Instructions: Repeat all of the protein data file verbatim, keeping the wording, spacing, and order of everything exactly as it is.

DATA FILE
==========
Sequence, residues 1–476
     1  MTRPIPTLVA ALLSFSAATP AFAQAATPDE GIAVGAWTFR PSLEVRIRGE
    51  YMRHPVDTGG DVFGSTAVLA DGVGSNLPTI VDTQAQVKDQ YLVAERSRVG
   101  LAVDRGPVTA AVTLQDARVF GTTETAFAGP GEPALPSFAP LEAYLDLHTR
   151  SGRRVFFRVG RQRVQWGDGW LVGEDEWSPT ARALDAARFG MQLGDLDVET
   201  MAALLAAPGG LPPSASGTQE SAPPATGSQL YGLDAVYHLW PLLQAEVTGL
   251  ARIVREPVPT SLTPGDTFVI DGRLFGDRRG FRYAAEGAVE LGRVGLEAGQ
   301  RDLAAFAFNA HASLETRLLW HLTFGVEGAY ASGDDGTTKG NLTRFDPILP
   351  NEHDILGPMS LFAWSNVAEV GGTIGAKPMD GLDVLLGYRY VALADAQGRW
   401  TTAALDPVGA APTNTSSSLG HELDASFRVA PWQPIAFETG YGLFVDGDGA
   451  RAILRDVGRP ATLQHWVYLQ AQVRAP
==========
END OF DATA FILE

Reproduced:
Sequence, residues 1–476
     1  MTRPIPTLVA ALLSFSAATP AFAQAATPDE GIAVGAWTFR PSLEVRIRGE
    51  YMRHPVDTGG DVFGSTAVLA DGVGSNLPTI VDTQAQVKDQ YLVAERSRVG
   101  LAVDRGPVTA AVTLQDARVF GTTETAFAGP GEPALPSFAP LEAYLDLHTR
   151  SGRRVFFRVG RQRVQWGDGW LVGEDEWSPT ARALDAARFG MQLGDLDVET
   201  MAALLAAPGG LPPSASGTQE SAPPATGSQL YGLDAVYHLW PLLQAEVTGL
   251  ARIVREPVPT SLTPGDTFVI DGRLFGDRRG FRYAAEGAVE LGRVGLEAGQ
   301  RDLAAFAFNA HASLETRLLW HLTFGVEGAY ASGDDGTTKG NLTRFDPILP
   351  NEHDILGPMS LFAWSNVAEV GGTIGAKPMD GLDVLLGYRY VALADAQGRW
   401  TTAALDPVGA APTNTSSSLG HELDASFRVA PWQPIAFETG YGLFVDGDGA
   451  RAILRDVGRP ATLQHWVYLQ AQVRAP